Ecuador has 61 universities, many of which offer graduate degrees, although only 87% of the faculty in public universities possess graduate degrees. About 300 higher institutes offer two to three years of post-secondary vocational or technical training.

The public policies on science and technology in Ecuador are regulated by Senacyt (Secretaria Nacional de Ciencia y Tecnologia). Senacyt works alongside universities and private sector to promote applied research. The major focus of research has been in agriculture and environmental impact on raw material extraction.

In 2007, Ecuador trained its first astronaut, Commander Ronnie Nader, and formed the Ecuadorian Civilian Space Agency (Agencia Espacial Civil Ecuatoriana, EXA). In 2008, EXA developed a plane capable of sustaining micro gravity flight, becoming the first country in Latin America in developing this kind of technology by their own means. One month later, they set the world record for the youngest human being in micro gravity, becoming the lead country in micro gravity aerospace research. The EXA manages the Ecuadorian Civilian Space Program and operates, jointly with the Ecuadorian Air Force, the Ecuadorian Micro Gravity Flight Program, the only such program in Latin America.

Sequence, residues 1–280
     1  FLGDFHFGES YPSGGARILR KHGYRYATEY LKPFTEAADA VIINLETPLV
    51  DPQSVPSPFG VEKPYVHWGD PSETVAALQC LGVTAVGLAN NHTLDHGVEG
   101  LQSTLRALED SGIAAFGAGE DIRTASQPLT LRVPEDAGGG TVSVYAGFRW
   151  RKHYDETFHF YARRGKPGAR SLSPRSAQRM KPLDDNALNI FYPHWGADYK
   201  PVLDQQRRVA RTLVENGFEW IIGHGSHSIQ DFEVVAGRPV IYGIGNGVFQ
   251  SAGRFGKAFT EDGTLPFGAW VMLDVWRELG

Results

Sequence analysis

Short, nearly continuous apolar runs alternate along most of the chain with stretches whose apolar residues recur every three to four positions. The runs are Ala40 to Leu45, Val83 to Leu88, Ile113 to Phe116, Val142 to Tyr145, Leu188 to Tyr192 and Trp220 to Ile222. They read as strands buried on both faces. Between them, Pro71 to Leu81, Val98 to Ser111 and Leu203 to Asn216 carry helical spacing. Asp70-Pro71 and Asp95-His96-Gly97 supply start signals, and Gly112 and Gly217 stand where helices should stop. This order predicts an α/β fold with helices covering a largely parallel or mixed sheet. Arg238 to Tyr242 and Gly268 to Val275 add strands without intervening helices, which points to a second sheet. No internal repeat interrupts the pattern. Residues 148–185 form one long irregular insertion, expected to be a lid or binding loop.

Ecuador has a network of national highways maintained by the Ministerio de Obras Públicas y Comunicaciones (Ministry of Public Works and Communication). The Pan-American Highway connects the northern and southern portions of the country as well as connecting Ecuador with Colombia to the north and Peru to the south. The quality of roads, even on truck routes, is highly variable. There is an extensive network of intercity buses that use these mountain roads and highways.